Latest in Gaming

Image credit:

Exploring Eberron: Happy Halloween, here's a giant dragon

Rubi Bayer, @@rubi_

Welcome to October. It's time for ghouls, ghosts, things that go bump in the night, and shambling undead. Halloween events are a grand tradition in nearly every MMO, and Dungeons and Dragons Online has something special this year. The developers have really scaled things up for this holiday, but how well will it work?

Fernando Paiz and the team teased us with hints of the event last month at PAX, showing off a creepy red sky in Delera's Graveyard. Unfortunately for this curious DDO fan, the tour stopped there, leaving me to wait and wonder.

Yesterday my wondering was over, because we spent some time during my tour of Update 7 to explore the event. If you were in the area Thursday and noticed a sudden spawn of pumpkins, undead, and collectors in the graveyard, that was courtesy of Fernando. He was kind enough to turn the event on briefly and give me a little tour of what the holiday will have to offer.

Follow along after the cut for my thoughts on the good, the bad, and the creepy of the upcoming DDO Halloween event. Don't forget to check the link at the very end to see what OnedAwesome, Massively's DDO guild, is up to next week too!

As you're reading this, much of the DDO population will have already been able to experience the event for themselves, thanks to last night's event preview. I saw a lot that I really liked, but there were several things that I worry about in execution, and it will be interesting to hear what you guys think too.

Once the event is live, everyone can enter the graveyard. Delera's is paid content, but for the purposes of Halloween the doors will be open so as to include everyone. Now, the actual adventure pack won't be free for all, but everyone can explore the public part of the graveyard. I like this for several reasons. First, no holiday event should exclude players, and I think Turbine has done a good job throughout of making everything accessible to everyone regardless of account type or character level. I'll explore that more later, but for now -- all are welcome in the graveyard!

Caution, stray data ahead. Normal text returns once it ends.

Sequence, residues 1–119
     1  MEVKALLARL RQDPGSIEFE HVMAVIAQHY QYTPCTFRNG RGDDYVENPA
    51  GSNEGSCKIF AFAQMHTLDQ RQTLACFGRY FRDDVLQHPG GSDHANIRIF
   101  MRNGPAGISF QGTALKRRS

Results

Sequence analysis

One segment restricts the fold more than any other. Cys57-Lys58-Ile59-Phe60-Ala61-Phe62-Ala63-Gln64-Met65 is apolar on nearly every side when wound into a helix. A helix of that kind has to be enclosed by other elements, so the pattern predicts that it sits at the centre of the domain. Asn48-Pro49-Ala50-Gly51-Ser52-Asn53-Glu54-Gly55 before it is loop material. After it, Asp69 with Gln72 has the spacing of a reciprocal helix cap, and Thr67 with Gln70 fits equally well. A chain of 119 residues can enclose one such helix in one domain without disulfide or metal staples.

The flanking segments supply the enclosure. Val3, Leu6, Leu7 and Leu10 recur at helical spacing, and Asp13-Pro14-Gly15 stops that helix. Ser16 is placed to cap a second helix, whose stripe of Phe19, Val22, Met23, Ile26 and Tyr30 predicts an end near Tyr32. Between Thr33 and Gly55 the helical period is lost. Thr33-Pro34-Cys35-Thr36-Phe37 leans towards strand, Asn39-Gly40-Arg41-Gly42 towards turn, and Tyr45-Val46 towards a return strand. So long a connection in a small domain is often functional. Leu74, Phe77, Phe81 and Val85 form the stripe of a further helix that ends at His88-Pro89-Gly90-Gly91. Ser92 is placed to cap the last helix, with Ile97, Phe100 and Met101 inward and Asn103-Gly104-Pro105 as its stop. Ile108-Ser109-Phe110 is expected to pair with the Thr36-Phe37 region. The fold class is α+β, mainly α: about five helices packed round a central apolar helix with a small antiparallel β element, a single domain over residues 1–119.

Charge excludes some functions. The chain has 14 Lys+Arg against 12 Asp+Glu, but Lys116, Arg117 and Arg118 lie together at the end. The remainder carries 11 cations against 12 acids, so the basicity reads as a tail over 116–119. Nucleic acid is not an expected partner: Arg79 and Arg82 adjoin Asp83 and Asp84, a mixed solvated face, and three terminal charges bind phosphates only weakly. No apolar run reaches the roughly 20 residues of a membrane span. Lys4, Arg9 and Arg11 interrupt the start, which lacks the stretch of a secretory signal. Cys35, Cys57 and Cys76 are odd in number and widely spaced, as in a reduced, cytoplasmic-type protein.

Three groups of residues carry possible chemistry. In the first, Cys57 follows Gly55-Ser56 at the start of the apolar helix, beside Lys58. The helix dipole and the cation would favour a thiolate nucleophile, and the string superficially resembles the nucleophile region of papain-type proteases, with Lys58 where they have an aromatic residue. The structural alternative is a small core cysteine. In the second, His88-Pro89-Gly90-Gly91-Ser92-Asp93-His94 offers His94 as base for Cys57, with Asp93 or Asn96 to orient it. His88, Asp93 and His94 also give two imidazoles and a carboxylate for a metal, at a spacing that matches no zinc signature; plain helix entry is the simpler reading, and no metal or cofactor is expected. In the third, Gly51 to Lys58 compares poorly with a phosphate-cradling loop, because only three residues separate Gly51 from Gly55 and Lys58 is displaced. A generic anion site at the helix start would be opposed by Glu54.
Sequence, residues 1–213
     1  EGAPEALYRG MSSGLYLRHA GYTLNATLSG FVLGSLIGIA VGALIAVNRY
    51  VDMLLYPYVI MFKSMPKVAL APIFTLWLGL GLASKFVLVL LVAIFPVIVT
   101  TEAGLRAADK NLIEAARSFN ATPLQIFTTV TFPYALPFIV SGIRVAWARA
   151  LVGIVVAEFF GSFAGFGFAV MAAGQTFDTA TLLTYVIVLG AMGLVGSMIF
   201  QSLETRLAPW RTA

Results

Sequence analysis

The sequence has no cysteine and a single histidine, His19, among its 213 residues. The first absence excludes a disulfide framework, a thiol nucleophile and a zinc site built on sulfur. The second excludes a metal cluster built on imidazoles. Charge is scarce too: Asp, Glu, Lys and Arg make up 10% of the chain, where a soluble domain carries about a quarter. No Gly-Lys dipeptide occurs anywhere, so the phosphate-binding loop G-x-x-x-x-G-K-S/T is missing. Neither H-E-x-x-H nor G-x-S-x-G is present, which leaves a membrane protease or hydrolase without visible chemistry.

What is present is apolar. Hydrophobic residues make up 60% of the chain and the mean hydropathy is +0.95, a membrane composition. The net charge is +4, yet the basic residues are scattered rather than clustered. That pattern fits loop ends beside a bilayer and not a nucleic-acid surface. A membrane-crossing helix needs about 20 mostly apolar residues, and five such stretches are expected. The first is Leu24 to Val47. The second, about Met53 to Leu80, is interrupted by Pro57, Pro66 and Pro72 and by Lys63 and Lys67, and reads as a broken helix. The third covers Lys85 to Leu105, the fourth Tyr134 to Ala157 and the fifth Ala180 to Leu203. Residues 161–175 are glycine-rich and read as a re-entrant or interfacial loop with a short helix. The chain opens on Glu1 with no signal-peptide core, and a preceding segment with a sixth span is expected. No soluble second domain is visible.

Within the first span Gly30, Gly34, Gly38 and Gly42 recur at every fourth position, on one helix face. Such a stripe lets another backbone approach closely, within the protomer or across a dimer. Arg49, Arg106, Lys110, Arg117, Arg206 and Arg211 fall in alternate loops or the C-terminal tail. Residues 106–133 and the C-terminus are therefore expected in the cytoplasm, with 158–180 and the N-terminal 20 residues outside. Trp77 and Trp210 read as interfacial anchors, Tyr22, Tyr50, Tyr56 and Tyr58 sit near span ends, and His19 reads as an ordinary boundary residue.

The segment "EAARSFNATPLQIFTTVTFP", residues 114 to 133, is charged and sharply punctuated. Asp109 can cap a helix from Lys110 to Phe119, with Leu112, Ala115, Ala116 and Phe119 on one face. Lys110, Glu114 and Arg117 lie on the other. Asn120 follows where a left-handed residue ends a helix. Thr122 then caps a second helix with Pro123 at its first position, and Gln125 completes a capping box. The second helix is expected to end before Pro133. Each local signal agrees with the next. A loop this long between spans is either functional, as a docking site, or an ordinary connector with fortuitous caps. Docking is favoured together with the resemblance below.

I like this because of the chosen location as well. The graveyard is one of my favorite areas in DDO, and not just because of the memorial to Gary Gygax. It's a great place to explore, and it's nice that everyone will have the chance to look it over.

Once you enter the graveyard, it's trial-and-error time. There are monsters (of the undead variety) everywhere, and the AI is designed not to hinder those who are just there for the quest series. The creatures are just hanging out doing their thing, and if you want to pass by unharmed, that's fine with them. However, if you're in the mood for a fight, feel free to attack. They'll give as good as they get, and be warned: You may find yourself way outgunned. Each variety of enemy spans a different level range in order to provide a challenge for players of all levels.

All Frostmarrow Skeletal Knights, for example, are level 18. The downside of this is that it requires a certain amount of trial- and-error before everyone figures out what is what. This means that people are going to be getting killed and racking up repair bills until someone gets it on the wiki. I don't particularly enjoy this mechanic, mostly because I can see people getting pretty irritated at the waste of time and money while they figure it out. However, it's a very, very minor annoyance and won't be a factor after the first few hours. Additionally, if you find yourself outmatched, you can simply run, and the monsters will break aggro pretty quickly. Other than Turbine's putting a big floating number over every monster's head to indicate its level, I don't really see a better way to implement this part of the event, so I'm planning to just go with it and have fun.